I will also add that I've been lucky during my grad school days and professional life to have benefitted from some truly outstanding mentors. I can honestly say that I wouldn't be where I am today without them; and I still have mentors. It's something, as scholars, we never don't need. One of the reasons why I was excited to take on this role was because I feel a profound sense of gratitude for the mentors I have and still have, and I want to continue to pay that forward. I also like mentoring because it keeps the field fresh for me. I learn from my mentees, just like I hope they do from me, and I enjoy that sharing of knowledge and experience.


Bee: I completely agree. My mentoring sessions and meeting other scholars through mentoring was a crucial part of my development when obtaining my doctorate. Not only do you obtain a mentor, you are finding a group who will guide and support you. But, every mentor and mentoring session can be different. Can you explain what an average mentoring session at DisNet entails?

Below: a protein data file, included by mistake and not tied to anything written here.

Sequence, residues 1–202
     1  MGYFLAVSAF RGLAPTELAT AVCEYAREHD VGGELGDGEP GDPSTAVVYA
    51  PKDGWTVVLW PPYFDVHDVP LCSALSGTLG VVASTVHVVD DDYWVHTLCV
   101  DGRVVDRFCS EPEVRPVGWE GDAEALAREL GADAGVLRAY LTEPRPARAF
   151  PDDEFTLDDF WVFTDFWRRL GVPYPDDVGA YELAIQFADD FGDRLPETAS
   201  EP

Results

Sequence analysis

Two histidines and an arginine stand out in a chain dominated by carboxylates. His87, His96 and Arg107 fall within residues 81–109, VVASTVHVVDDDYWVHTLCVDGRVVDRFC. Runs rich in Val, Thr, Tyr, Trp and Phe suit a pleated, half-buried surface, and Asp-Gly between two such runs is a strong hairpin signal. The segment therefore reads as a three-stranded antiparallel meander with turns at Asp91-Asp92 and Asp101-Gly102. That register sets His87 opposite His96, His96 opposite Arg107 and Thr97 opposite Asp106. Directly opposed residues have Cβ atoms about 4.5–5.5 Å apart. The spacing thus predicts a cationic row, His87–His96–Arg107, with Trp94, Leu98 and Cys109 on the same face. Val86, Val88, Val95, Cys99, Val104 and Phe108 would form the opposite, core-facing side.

Heather: We meet for an hour. I like to start things off with brief introductions, especially if we have new members joining us. I like to do a kind of check-in—are there pressing issues a member or members could benefit from talking about and getting feedback on. If so, we might spend half or all of the time talking about these. If not, then I'll come prepared with a topic in mind and we'll have a discussion. In the first meeting of the semester/term I like to hear from those present about what would be the most beneficial topics to discuss over the year and how this group, specifically, can help them. As I mentioned, this these topics are a guide, but any meeting can also be adjusted depending on what the groups want or need to do in the moment.


Bee: This all sounds amazing! How do you sign up for mentoring at DisNet?


Heather: The first step is to become a member, which is easy to do through the DisNet website.



Once you've signed up, the second step is to check out our Mentorship page. This can be found under the Member's Area once you've signed up!